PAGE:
On the Spot: Arsène, oh Arsène

Arsène, oh Arsène. How times have changed.

If the Carabao Cup final from a fortnight ago and last week’s game at the Emirates were anything to go by, it’s almost evident that the baton for the most innovative coach in the Premier League has now most certainly passed on from Arsène Wenger to Pep Guardiola. The 3–0 scoreline was the biggest margin that Arsenal has ever lost by in a cup final. The kind of exciting football that we’ve always come to expect of Arsenal in years past has a new successor in Manchester City. One could have perhaps forgiven the Gunners if they played entertaining soccer but failed to win trophies like in the past — at least they’re fun to watch, right? But in recent weeks, maybe months, and as embodied in those two games, Manchester City look inspired, dominant, hungry and ready to win. Arsenal is simply looking for answers.

Arsène Wenger reminded everyone that he has “turned down the whole world” so that he could honor his contract at the Emirates. In the era of disloyalty in sports, that’s very romantic. But sports is also a results business. The Arsenal board had a chance to move on and start planning for the future this past offseason, and it took the easy option out by simply betting on Wenger’s historical legacy.

Many Arsenal fans keep telling me, “Well, if you do sack Wenger, who would you appoint?” I’m not denying that appointing a manager is a difficult decision. But Arsenal should make a move while it is still considered a top European club at which managers want to test the team’s skills. One almost wonders what coaches like Eddie Howe could do with more resources. What about Thomas Tuchel? And despite Frank de Boer being damaged goods after his spells at Inter and Crystal Palace, or Peter Bosz at Borussia Dortmund, it’s still interesting to ponder if Arsenal’s traditions might be the best fit for the Dutch philosophy of soccer.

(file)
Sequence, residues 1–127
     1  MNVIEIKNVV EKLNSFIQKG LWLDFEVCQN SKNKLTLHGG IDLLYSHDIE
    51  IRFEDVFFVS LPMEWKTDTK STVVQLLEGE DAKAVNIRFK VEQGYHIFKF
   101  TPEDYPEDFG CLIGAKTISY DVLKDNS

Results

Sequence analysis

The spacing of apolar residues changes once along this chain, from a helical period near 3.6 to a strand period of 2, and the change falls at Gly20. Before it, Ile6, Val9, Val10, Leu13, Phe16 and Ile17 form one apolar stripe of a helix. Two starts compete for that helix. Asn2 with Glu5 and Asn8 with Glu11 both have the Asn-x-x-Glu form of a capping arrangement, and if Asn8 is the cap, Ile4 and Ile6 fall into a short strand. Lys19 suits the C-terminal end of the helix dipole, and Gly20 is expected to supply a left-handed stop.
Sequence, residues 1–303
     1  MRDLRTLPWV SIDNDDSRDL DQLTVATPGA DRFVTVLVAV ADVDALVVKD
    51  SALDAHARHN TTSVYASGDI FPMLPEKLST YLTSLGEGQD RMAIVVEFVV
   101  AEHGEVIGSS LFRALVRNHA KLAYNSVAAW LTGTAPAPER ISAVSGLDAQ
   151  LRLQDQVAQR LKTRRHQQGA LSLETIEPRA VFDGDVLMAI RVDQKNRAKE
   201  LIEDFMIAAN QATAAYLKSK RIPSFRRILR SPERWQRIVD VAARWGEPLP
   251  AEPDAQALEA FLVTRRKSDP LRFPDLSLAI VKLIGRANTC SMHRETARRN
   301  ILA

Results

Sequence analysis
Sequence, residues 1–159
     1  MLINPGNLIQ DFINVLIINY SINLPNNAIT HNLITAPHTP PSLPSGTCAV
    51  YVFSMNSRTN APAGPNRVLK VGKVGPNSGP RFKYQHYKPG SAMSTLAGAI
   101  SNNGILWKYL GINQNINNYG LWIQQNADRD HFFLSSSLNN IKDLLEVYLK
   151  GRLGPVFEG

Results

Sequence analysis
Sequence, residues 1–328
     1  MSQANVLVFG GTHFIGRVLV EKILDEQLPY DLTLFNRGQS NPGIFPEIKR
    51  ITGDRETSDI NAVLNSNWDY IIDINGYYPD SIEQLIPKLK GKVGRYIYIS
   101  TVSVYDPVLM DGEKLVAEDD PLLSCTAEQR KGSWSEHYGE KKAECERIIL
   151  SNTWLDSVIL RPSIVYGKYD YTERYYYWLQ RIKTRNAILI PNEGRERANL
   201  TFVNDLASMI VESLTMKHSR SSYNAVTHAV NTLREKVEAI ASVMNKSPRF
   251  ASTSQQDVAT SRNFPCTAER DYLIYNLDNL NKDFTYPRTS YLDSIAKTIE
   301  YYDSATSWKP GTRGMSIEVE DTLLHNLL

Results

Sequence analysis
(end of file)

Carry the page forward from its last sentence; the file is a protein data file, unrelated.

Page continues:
Season in and season out, we keep asking ourselves if Wenger’s time is up. It’s almost as if the Arsenal board is just content to be “best of the rest.” The problem is that the pool of “the rest” is becoming smaller and smaller. We’ve seen how it’s becoming harder and harder to restore clubs who are in decline. Look at Leeds; look at how long or how much it’s taken Liverpool and Manchester United to continue to restore themselves to relevancy again.

And as I watched the Cup final, or just Arsenal games in general this season, I keep wondering if one was to form a team of players from the top six teams, how many Arsenal players I would pick? Probably only Mesut Özil would make that team, and even then that’s a tough choice given the general quality of players at all other clubs.

Wenger’s time might not necessarily be ticking, but Arsenal’s relevance to the English and European elite sure is.